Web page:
STAFF CONTACT :
The Business Council opposes this legislation, which would significantly elevate existing strict criminal liability provisions of the Environmental Conservation Law for the failure to report chemical spills. Under the state's chemical bulk storage program, releases that exceed a "reportable quantity," or "RQ," must be reported to the Department of Environmental Conservation within two hours of the release. This spill reporting rule covers more than one thousand separate chemicals and compounds, with a significant number of RQs set as low as one pound of the regulated substance. DEC regulations even require the reporting of releases below RQ levels if such spills are likely to result in a significant health, safety or environmental risk.
The Business Council believes that these new criminal enforcement provisions are inappropriate for a number of reasons:
- It is inappropriate to impose strict criminal liability at the misdemeanor
or felony level without consideration of criminal intent.
If enacted, A.8461 would be the first instance where a violation of the ECL's
environmental quality provisions (i.e., air pollution, wastewater management,
solid and hazardous wastes, petroleum bulk storage, superfund) is raised
to a misdemeanor status without consideration of criminal negligence
or intent. In all
other environmental quality programs, misdemeanor and felony provisions either
reference the criminal culpability provisions found in Section 15.05 of the
Penal Law, or refer specifically to criminally negligent, willful, intentional
and/or knowing violations.
- This bill would inappropriately impose significant, new strict criminal
liability on a broad range of persons involved with the handling of chemicals.
The state's spill reporting regulation (6 NYCRR Part 595.3) imposes the
obligation to report "reportable quantity" releases not only on the owner
or operator of a chemical bulk storage facility, but also on any person under
contract with the owner/operator to inspect, test or repair a CBS facility;
any person "in actual or constructive possession or control" of chemicals stored
in bulk; and any employee or representative of the proceeding
persons who has knowledge of a reportable release. Under A.8461, an employee
on the shop floor who is aware of a chemical spill would be subject to strict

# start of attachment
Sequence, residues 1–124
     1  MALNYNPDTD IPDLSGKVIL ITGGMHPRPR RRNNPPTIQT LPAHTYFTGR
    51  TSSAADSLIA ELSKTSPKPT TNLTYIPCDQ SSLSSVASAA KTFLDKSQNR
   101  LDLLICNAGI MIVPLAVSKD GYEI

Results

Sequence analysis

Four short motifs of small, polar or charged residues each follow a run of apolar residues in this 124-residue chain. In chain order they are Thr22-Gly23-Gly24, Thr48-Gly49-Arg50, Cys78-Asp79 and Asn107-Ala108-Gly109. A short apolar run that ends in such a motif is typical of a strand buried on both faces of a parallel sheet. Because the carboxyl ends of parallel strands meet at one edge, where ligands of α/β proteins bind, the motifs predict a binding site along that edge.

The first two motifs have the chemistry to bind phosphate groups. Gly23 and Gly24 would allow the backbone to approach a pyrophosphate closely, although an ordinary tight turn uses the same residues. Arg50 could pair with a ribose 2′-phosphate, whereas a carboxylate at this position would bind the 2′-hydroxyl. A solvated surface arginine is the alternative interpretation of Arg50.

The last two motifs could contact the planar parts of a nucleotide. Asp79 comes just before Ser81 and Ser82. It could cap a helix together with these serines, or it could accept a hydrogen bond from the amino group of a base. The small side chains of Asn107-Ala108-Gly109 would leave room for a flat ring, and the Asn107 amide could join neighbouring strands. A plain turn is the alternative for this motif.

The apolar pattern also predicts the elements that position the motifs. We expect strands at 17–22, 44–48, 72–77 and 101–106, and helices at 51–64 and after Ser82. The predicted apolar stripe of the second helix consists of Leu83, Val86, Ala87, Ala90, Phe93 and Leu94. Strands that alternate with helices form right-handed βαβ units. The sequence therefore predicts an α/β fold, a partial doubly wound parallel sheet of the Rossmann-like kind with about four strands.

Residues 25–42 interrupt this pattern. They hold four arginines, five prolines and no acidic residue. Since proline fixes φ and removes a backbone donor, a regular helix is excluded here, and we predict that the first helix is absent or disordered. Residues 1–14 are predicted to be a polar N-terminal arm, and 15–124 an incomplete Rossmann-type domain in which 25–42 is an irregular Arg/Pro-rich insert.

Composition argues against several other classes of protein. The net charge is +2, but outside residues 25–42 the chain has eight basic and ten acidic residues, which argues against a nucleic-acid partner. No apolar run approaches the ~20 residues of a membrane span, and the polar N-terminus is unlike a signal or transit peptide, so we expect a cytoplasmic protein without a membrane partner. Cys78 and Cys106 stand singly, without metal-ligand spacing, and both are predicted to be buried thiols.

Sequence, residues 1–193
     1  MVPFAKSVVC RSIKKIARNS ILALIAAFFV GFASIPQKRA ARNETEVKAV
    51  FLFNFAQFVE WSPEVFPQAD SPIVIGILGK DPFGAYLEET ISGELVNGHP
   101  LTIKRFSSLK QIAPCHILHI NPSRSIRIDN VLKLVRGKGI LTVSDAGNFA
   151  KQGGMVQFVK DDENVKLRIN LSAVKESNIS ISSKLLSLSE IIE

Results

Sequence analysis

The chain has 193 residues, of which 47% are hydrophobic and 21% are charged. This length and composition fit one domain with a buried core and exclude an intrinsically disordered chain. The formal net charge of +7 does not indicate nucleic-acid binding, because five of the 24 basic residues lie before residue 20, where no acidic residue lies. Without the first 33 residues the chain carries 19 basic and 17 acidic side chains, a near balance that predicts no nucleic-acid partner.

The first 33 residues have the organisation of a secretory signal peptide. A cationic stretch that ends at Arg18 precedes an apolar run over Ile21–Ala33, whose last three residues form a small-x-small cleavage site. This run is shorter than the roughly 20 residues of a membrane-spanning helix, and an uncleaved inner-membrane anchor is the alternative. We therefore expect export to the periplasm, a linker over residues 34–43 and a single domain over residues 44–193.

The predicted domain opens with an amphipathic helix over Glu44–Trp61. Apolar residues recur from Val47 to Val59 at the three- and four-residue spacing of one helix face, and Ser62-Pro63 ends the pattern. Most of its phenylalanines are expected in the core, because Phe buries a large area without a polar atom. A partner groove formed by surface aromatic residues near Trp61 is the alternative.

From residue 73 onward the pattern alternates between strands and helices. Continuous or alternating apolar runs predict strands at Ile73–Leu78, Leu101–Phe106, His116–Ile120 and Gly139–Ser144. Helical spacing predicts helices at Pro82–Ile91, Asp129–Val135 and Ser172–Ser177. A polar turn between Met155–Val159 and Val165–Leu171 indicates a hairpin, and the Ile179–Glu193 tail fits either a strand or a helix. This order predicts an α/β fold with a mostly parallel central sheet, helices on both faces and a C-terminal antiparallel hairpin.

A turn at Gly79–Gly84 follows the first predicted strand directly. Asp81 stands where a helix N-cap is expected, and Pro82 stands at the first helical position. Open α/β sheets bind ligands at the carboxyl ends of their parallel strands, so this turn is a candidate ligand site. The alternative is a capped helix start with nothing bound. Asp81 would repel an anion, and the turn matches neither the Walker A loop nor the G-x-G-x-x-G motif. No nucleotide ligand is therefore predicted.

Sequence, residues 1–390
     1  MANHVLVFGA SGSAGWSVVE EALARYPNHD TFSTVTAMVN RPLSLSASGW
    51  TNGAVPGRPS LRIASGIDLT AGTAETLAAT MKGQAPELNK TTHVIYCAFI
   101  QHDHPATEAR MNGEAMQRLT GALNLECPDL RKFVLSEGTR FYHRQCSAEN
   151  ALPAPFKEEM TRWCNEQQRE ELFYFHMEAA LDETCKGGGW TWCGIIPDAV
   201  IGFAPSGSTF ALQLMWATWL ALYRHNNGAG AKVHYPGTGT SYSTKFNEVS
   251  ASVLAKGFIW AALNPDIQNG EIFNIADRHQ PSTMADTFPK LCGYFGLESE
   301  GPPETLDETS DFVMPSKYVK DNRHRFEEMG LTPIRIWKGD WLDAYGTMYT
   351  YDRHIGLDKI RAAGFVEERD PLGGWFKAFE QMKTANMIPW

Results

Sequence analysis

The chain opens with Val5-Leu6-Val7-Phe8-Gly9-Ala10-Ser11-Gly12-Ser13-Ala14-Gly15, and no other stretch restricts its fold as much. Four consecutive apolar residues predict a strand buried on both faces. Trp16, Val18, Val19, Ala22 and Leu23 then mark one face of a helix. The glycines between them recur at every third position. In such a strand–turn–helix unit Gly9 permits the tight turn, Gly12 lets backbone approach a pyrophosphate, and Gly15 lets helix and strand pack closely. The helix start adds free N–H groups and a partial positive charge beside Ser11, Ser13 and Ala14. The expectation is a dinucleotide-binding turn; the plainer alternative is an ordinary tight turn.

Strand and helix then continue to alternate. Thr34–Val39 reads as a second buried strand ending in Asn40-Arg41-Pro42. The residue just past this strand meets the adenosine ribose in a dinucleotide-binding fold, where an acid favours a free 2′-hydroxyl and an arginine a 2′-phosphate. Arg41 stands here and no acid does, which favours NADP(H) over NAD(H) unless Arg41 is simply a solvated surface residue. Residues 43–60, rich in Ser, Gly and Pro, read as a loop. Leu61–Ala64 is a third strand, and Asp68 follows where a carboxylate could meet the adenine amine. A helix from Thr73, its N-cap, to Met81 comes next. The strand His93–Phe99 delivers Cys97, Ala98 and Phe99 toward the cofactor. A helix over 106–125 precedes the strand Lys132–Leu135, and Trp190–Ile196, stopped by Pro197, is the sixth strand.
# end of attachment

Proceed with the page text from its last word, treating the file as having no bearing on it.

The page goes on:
criminal liability at the misdemeanor level if they
fail to personally report a reportable spill, even if they believed that the
release was reported by another company representative. Since A.8461 imposes
strict criminal liability, this employee could be found guilty of a misdemeanor
even without any evidence of criminal negligence or intent. This is one area
in which the provision of A.8461 differ most significantly from federal provisions
cited in the sponsor's memo of support. The cited federal law, 42 U.S.C. Section
9603, only imposes liability on the person "in charge of" a regulated facility
at which the reportable release occurred.
- The memo in support of this legislation
states that, to establish a criminal violation of the ECL, it is often necessary
to prove the amount of a hazardous substance released to the environment. While
true, the state would be subject to the same burden under provisions of A.8461 — the
state would still have to demonstrate that a release exceeded a reportable
quantity. Importantly, the ECL already provides for criminal penalties in such
instances. The ECL's existing general criminal enforcement provisions (ECL
Section 71-4001) provide that any violation of the state's
environmental laws or regulations can be prosecuted as a criminal violation,
with penalties of up to 15 days imprisonment and $250 in penalties, with each
day of a continuing violation treated as a separate violation. Both Section
71-4001 and A.8461 would require the DEC to prove the same allegation — failure
to report a spill that exceeded a reportable quantity - in order to pursue
- The bill memo also argues that current law creates a "great disincentive" against prompt reporting of a chemical release, since prompt reporting would help DEC determine the amount of a release "which makes it easier to prove a felony violation" (referring to existing criminal penalties for endangering public health, safety or the environment found in ECL Article 71, Title 27.) However, we question whether a person engaged in "reckless" or "knowing" conduct resulting in a chemical release (the thresholds for felony violations under existing law) are likely to make a prompt report of such release to the DEC in order to avoid a possible misdemeanor violation under this act.
In summary, if increased criminal penalties are truly needed to provide a more effective deterrent against violations of the state's chemical spill reporting law, they must be based on criminal behavior as defined in the Penal Law.
However, The Business Council believes that the strict misdemeanor and felony provisions of A.8461 are both inappropriate and unnecessary, and would subject persons acting in good faith in response to a chemical spill to significant criminal sanctions. For these reasons, The Business Council opposes adoption of A.8461.